Muriel Souquet

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Sleep, respiratory, and cardiac data obtained during sleep and wakefulness by continuous 24-hour polygraphic monitoring from twelve infants who were "near misses" for the sudden-infant-death syndrome were compared with similar information obtained from seven low-risk infants. Although the sleep variables studied were of limited value in differentiating(More)
Several types of apnea are described in premature infants and in infants who have survived breathing-stoppage episodes which may be related to the sudden infant death syndrome. Upper airway apnea appears to induce the greatest changes: oxygen desaturation is more pronounced than in a central apnea of similar duration, and secondary cardiac changes are(More)
Homodimeric EIAV p51/51 and heterodimeric EIAV p66/51 reverse transcriptase were purified in order to compare the different modes of DNA synthesis supported by the enzymes. Analysis of the dimerization behavior of the EIAV enzymes indicates that the dimer stability of EIAV reverse transcriptase enzymes is higher than that of their HIV-1 reverse(More)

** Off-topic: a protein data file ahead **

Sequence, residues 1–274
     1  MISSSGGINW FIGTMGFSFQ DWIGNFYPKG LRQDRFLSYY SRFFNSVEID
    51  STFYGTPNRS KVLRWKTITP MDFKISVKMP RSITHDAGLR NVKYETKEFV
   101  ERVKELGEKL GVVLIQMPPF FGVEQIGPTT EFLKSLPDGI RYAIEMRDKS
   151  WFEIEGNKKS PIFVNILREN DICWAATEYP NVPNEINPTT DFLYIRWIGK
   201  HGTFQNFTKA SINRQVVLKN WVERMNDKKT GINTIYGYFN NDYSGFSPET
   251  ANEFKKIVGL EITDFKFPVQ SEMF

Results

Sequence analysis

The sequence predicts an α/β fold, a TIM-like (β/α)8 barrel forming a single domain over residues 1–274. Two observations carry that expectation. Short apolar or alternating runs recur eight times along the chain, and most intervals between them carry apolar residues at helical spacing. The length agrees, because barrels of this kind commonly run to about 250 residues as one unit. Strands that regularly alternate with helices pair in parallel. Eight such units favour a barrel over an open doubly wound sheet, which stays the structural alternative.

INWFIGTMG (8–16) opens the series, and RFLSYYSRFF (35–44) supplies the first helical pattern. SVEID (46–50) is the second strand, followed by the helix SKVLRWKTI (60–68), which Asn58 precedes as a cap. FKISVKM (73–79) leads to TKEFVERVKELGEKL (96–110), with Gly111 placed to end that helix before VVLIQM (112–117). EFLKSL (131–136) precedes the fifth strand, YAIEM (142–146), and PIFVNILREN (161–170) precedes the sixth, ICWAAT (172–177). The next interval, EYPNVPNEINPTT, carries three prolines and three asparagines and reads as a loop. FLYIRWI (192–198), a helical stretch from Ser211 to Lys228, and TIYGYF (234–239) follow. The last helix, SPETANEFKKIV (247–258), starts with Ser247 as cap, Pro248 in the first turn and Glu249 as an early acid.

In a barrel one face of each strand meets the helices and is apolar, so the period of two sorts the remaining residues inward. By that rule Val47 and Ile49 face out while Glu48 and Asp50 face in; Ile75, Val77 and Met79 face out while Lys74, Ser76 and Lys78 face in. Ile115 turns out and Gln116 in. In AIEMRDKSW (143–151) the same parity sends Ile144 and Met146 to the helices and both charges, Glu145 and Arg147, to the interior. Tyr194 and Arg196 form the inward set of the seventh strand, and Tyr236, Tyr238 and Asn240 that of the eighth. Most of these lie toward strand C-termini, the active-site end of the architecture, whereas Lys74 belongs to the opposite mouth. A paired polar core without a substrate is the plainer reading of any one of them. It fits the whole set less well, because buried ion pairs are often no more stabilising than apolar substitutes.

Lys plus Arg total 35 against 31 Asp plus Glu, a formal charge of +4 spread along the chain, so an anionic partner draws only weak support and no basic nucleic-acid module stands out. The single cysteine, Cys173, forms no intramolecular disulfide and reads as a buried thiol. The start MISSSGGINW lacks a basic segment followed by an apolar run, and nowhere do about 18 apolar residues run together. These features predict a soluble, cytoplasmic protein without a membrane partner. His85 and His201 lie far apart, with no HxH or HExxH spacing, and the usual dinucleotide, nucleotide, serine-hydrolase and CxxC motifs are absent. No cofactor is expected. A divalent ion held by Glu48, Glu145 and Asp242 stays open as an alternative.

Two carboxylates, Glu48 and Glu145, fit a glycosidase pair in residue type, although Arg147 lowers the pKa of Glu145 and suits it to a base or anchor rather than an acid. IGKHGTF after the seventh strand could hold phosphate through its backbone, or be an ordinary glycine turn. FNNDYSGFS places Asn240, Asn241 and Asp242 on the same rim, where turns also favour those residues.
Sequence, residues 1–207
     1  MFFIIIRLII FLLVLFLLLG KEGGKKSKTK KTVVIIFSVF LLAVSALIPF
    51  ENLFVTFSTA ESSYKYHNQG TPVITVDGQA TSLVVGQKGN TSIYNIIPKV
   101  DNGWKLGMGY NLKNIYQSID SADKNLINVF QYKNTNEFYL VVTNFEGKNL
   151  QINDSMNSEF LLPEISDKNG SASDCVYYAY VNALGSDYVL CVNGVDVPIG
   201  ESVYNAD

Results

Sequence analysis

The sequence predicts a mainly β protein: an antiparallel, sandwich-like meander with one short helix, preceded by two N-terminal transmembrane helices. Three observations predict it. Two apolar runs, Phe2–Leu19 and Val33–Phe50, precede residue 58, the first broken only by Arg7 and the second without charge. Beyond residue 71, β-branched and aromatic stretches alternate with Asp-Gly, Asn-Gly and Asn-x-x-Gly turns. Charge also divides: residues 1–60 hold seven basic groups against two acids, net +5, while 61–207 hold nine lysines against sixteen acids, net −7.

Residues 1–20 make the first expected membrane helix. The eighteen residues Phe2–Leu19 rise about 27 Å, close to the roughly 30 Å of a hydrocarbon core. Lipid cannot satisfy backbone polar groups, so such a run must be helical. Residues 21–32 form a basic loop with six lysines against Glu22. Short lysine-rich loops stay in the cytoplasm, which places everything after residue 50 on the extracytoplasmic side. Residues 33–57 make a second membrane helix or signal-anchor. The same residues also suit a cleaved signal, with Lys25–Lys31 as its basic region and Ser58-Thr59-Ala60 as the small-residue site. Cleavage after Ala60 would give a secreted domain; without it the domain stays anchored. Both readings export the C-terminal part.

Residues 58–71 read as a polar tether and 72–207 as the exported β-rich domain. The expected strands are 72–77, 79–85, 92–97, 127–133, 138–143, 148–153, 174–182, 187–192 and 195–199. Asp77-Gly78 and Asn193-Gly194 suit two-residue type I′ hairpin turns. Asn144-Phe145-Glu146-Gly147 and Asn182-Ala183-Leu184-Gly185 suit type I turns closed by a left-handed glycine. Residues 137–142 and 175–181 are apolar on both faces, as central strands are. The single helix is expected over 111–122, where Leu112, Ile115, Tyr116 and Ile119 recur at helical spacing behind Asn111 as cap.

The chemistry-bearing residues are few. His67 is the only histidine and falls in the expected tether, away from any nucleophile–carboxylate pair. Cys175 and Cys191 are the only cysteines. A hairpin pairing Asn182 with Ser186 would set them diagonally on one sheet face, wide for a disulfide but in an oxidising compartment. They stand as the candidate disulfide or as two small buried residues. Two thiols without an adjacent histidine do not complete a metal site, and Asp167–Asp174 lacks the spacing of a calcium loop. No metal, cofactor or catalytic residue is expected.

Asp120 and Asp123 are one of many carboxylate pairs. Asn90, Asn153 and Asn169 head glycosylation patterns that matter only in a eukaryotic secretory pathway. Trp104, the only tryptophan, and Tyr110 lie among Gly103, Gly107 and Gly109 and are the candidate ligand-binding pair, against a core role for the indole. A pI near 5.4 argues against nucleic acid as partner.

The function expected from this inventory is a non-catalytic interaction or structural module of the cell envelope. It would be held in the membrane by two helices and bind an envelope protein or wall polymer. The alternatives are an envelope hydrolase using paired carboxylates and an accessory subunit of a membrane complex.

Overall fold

Enterobacter cloacae Ecl261 was isolated with Escherichia coli Ec257 from the urine of a patient living in a nursing home. Both isolates were resistant to ticarcillin (MICs, 1,024 microg/ml), without significant potentiation of its activity by 2 microg of clavulanate per ml (MICs, 512 microg/ml), and susceptible to naturally active cephalosporins. This(More)
Five full-term infants were referred for "near miss" sudden infant death syndrome events, which occurred between 3 and 12 weeks of age. After a complete pediatric evaluation and 24-hour polygraphic monitoring, each infant was monitored at home with a cardiorespiratory monitor. Each was followed regularly (with repeat polygraphic recordings) up to 4 years of(More)
Eight full-term infants between 3 and 8 weeks of age, who had had 24 to 48 hours of vague problems involving a congested upper airway and/or irritability, had a life-threatening respiratory episode at home, called a near-miss for sudden infant death syndrome event. Polygraphically monitored mixed apneas occurred in clusters during non-rapid eye movement(More)
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